A melancholy task, but good to be with other family who came from New Mexico and elsewhere in Kansas. Lots of laughter, occasional tears, family tales shared. We did emerge for lunch yesterday at Tacos Jalisco, our favorite Mexican place on Wyatt Earp blvd. in Dodge. A late dinner was at a surprisingly packed Applebee’s near Boot Hill, maybe some others were there because there weren’t many other options on a Sunday at 10 pm. I did have a very good limeade.
Today, we stopped to see family in Wichita and then picked up ribs “to travel” at Gates BBQ in Kansas City. Now three hours til home.
P.s. Comfort Inn in Lenexa turned out to be a mixed bag. Our room was clean but the thin walls meant nonstop noise from someone who appeared to fall asleep with the tv on. Argh
On our drive to Dirck’s childhood home for the last time (it has been sold) we have stopped at some favorite spots during our almost 30 years driving together through Kansas.
The Overland Park Farmers market was overflowing with gorgeous produce but we restrained ourselves since and bought only what we can eat in the next two days away. Peaches, cantelope and a fantastic looking bread from the Ibis bakery stand (our “morning buns” were delicious, a bun made with croissant dough sprinkled with cinnamon sugar.)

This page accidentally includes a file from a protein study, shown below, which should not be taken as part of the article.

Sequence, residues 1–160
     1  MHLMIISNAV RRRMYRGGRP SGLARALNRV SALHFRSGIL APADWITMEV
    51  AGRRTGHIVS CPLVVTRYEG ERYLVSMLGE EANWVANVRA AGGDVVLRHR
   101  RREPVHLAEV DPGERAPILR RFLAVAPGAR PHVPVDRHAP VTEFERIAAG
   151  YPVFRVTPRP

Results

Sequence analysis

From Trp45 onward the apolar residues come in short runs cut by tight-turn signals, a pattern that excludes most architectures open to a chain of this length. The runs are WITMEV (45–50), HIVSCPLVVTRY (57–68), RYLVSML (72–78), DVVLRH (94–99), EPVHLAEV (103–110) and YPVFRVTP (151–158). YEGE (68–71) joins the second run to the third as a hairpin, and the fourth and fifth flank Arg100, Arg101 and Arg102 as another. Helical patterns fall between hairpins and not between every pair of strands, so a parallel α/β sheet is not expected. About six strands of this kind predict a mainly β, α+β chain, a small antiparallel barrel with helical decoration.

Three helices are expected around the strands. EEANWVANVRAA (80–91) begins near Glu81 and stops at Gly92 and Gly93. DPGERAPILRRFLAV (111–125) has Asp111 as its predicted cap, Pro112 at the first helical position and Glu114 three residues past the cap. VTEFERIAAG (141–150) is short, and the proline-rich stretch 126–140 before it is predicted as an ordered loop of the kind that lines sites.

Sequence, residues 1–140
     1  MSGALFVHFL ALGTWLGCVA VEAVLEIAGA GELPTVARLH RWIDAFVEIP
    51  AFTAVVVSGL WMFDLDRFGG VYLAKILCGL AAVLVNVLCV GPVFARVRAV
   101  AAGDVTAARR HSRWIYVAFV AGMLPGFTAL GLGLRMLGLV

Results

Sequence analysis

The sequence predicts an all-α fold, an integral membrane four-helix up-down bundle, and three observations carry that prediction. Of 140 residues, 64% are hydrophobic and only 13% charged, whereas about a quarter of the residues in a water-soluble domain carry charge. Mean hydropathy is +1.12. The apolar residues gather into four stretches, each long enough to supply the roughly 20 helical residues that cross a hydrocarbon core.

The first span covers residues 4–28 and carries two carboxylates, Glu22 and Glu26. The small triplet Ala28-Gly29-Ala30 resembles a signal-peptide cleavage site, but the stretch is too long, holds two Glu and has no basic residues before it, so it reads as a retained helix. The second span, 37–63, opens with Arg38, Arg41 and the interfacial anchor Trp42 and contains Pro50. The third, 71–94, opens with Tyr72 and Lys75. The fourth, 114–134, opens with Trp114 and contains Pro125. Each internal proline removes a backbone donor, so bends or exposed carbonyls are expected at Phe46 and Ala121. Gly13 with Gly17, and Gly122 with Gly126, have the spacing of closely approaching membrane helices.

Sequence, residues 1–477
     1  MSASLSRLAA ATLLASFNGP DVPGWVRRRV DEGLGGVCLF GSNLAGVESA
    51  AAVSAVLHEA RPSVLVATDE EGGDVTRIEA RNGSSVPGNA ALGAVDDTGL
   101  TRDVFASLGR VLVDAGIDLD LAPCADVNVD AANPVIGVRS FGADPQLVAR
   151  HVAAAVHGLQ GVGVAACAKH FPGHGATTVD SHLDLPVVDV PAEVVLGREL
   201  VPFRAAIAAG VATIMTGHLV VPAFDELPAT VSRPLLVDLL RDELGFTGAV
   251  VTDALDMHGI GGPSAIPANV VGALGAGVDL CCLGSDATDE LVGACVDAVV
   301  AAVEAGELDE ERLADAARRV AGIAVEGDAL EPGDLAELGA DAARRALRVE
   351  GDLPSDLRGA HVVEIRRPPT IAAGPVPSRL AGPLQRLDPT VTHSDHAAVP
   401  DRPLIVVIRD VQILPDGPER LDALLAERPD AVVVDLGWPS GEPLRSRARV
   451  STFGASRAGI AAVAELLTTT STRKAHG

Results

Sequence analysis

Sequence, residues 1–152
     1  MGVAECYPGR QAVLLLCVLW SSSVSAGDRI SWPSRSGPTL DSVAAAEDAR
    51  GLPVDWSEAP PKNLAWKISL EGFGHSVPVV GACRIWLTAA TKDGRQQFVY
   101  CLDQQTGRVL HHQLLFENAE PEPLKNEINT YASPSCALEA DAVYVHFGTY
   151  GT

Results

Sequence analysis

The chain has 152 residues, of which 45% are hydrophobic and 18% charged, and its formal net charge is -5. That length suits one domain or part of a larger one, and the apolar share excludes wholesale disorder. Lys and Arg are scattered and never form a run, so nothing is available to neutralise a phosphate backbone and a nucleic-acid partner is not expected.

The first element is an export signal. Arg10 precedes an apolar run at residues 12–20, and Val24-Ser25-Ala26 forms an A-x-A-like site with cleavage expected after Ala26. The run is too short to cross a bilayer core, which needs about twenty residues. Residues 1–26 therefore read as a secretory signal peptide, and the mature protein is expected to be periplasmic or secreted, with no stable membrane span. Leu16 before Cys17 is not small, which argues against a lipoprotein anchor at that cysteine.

On to the flint hills and the old town of Cottonwood Falls with its glorious French revival courthouse. We wandered down the three block brick Main Street, poked around in some antique/junk shops and craft shops, had fantastic sirloin steak sliders in the restaurant At the classy western hotel, The Grand Central Hotel and found a cool old limestone motel at the other end of Main Street along the river that looks like an amazing place to stay, the Millstream Resort Motel.